Whether you’re planning a battle, an important speech or even Thanksgiving dinner, preparation is key. The more you prep, the better you fare.

When it comes to printing 10,000 copies of a brochure or a bulletin that will speak to hundreds of thousands, preparation is THE KEY to getting your print project completed faster and easier.

So how do you make this happen? Here’s a short checklist:

1. Answer All the Questions First

Take a step back from your project and consider all of the different angles regarding materials types and specifications. You might ask:

  • What types and sizes of paper do I need?
  • What paper weight works best here?
  • Am I going green and therefore need special inks, paper or even environmentally-friendly printing processes?
  • Do I need another special type of ink? Whether you choose heat-resistant inks, wax-free inks or other types, you’ll want to square this away early.
  • What colors am I using? Make sure that you note the exact ink colors you desire as Pantone, RGB or a CMYK code.
  • Would I like the paper to be coated or uncoated? Coated paper helps photos show great details and brings colors alive since the ink sits on top of the surface. Uncoated, or smooth, vellum, laid, wove, linen or felt finishes are easier to read since they are not reflective.
  • In addition to the printing, will the project require special actions like folding, scoring, perforations, embossing, die cutting or UV coating?
  • If I’m binding a book, what paper stock and cover options will enhance the project?
  • What finishing touches are important? Do I need aqueous coatings, spot varnishes, foil stamping, UV and film laminations, embossing and debossing, die-cutting or any number of special processes?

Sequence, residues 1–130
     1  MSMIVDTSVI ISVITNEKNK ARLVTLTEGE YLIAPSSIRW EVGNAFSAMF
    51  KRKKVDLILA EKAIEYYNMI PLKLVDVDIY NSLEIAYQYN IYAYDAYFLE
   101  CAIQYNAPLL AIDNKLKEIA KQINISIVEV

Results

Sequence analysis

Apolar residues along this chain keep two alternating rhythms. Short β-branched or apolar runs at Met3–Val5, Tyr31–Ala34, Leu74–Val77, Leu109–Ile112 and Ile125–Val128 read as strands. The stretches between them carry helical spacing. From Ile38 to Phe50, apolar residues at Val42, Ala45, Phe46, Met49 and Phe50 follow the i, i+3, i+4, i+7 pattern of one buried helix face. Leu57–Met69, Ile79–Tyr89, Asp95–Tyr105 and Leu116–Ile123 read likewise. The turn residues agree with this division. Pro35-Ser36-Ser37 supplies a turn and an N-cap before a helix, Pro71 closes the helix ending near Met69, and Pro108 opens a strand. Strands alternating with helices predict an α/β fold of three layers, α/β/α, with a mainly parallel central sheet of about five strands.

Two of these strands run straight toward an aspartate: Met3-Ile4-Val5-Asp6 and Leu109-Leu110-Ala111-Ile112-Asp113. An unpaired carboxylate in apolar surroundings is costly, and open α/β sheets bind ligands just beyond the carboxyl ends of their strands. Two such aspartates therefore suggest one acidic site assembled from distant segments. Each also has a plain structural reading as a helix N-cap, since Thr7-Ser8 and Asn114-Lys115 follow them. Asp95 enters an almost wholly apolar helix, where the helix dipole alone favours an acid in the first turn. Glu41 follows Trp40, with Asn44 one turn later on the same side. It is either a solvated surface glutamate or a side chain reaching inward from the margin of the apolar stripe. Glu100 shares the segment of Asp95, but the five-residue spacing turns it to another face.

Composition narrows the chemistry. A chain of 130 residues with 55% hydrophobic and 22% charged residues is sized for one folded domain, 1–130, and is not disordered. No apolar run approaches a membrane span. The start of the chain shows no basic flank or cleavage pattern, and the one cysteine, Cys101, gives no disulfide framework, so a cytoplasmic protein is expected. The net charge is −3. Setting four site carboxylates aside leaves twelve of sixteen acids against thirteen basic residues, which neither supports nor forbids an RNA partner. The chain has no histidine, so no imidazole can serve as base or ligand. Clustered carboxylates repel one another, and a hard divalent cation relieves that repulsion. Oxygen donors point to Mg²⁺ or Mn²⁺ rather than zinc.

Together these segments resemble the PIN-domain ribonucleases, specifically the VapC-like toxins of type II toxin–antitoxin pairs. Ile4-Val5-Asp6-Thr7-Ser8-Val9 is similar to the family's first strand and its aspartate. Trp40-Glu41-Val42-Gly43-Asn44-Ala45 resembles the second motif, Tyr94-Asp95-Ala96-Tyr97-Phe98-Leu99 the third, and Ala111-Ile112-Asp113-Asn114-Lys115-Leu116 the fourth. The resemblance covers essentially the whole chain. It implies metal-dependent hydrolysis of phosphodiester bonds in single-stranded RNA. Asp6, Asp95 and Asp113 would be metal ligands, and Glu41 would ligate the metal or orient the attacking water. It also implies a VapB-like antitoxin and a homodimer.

Once you know exactly what you’re dealing with, you’ll be more prepared to hand it off to the printer. Some of these choices will require more time, so you’ll be able to plan for that as well.

Related: How to Write a Creative Brief Your Designer Will Love

2. Proofread like a Pro

It goes without saying that your work should be completely proofed ahead of time. Get it right the first time, and don’t rely on the printer for this! Then when the printer sends their own proof, pay careful attention to it since it’s your responsibility to sign off on everything to keep things rolling.

How do you know that your document is print-ready? It will be mistake-free, in a PDF format with the right trim and bleed areas, have high-quality images and feature accepted fonts. This will speed you right along.

3. Go Digital

There are two options for printers: digital and offset. Digital is the fastest and easiest way to print – it’s basically a larger version of your home printer. Offset printing uses plates and other production materials that add time and money to the project, but this can be a smart strategy for specific projects.

How you send the file also determines your turnaround time. Sending it digitally will speed it along, versus sticking it in snail mail. You’ll provide a digital file with all of the correct specifications, (see our Pre-Press Checklist blog for a quick cheat sheet) and the printer will fulfill it faster than they would mailed-in materials.

Related: Digital vs. Offset Printing: How You Can Save Time & Money

4. Be Realistic

Many times a unique project with different paper types or sizes may not be readily in stock. Special finishes and extra processes take longer. So you’ll have to wait a little bit. If you go standard with paper and skip some of the finishes, you can get your printing done quicker and easier.

TALK TO A PRINT EXPERT  

5. Let Your Printer Fulfill

Some of the most time-consuming steps in the printing process are the sorting, packing and mailing. Most printers are experts at this, and they will take far less time than you will to distribute the final printed copies to your end users. You’ll save yourself massive amounts of time and headaches this way.

Phew. Now you’re ready to press “print.”

Got all that? If not, we can help! A lot goes into the preparation of a great print job. And just like that Thanksgiving dinner, it’s an effort well worth it. But if you want another sous-chef to do some of the prep work, you know where to reach us. Happy Thanksgiving!

Written by Jeannette Bezinque

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